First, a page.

Monday, September 5, 2011

Editing: Time Well Spent

Let's face it: If you're writing, eventually you want to see your work published.  Sooner or later you're going to produce something that you think is good enough to submit to a publisher.  When you reach this point, whether it's for the first time or the hundredth time, I first want to congratulate you for your accomplishment.  Sometimes finishing a draft is the hardest part of writing.  I shudder to think how many ideas I've started on, thinking that they would be something great, only to have the idea seemingly "shrivel up" to the point that I don't have anything worth finishing.  It's part of the game, and it happens to everyone who tries their hand at writing.

However, finishing a first draft is not the same as having a final copy ready to submit.  You always want to edit your work and make sure that it is the absolute best quality it can be.  Don't do this immediately after finishing your first draft!  Give yourself at least a day before you start the proofreading and editing process (this is why, if a particular market has a deadline, you should try to have your first draft done a few days ahead of that date).  When you do open it up to proofread, you're going to have to fight your own familiarity with the story.  Make yourself go over it with a fine tooth comb.  If you have someone else who can read it with fresh eyes, so much the better.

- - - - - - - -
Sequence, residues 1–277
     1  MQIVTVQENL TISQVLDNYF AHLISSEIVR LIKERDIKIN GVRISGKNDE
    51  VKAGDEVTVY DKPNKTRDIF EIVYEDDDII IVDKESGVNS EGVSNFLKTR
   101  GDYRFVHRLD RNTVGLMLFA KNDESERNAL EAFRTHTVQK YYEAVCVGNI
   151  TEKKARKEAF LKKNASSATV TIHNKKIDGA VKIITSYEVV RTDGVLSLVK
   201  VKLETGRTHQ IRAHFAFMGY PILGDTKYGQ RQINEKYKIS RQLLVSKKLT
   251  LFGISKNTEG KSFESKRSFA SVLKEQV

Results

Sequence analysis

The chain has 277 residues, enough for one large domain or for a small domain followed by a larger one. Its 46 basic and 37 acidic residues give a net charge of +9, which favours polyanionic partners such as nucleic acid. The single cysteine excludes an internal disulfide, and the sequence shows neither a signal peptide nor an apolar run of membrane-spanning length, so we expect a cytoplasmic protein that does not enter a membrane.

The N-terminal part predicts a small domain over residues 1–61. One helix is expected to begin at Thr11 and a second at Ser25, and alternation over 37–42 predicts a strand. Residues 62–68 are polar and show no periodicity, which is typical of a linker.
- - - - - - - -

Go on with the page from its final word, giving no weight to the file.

Things you want to look for that will jump right out at a publishers: Inconsistencies in plot and characterization (i.e., does it all make sense?); outright violations of their submission guidelines (a criticallhy important factor which we will talk about in an upcoming entry); errors in grammar, capitalization, or punctuation; and overly verbose, "clunky" sentences.  The latter two are semi-forgivable in that most editors realize that everyone is human, and a limited number of mistakes can be attributed to oversight and fixed without jeopardizing your chances of getting accepted, but you still want to catch as many as you can.  However, the first two can constitute a kiss-of-death.  Make sure that there is some logic to your piece, and whatever a particular market's guidelines say, make sure you follow that to the letter.

Philippians 4:13.--SMS

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